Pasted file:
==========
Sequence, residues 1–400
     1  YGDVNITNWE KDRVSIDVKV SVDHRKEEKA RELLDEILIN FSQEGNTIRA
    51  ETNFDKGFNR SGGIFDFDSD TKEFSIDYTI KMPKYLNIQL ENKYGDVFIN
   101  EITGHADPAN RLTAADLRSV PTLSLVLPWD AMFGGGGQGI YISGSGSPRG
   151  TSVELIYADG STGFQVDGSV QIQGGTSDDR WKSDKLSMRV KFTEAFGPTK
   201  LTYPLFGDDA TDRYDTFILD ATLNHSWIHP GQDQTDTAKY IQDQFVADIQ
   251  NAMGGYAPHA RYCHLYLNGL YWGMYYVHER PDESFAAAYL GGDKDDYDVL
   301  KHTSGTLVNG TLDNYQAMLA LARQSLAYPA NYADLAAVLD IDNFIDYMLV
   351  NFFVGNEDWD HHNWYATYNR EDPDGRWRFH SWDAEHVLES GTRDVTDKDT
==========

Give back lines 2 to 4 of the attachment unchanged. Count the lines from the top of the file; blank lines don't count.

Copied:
     1  YGDVNITNWE KDRVSIDVKV SVDHRKEEKA RELLDEILIN FSQEGNTIRA
    51  ETNFDKGFNR SGGIFDFDSD TKEFSIDYTI KMPKYLNIQL ENKYGDVFIN
   101  EITGHADPAN RLTAADLRSV PTLSLVLPWD AMFGGGGQGI YISGSGSPRG